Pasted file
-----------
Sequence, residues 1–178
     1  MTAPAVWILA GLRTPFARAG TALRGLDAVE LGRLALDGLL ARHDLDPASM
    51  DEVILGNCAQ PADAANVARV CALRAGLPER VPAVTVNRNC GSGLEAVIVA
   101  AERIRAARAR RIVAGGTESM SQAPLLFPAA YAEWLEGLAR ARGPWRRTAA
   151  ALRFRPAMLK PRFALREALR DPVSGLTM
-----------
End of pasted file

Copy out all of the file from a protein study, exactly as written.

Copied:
Sequence, residues 1–178
     1  MTAPAVWILA GLRTPFARAG TALRGLDAVE LGRLALDGLL ARHDLDPASM
    51  DEVILGNCAQ PADAANVARV CALRAGLPER VPAVTVNRNC GSGLEAVIVA
   101  AERIRAARAR RIVAGGTESM SQAPLLFPAA YAEWLEGLAR ARGPWRRTAA
   151  ALRFRPAMLK PRFALREALR DPVSGLTM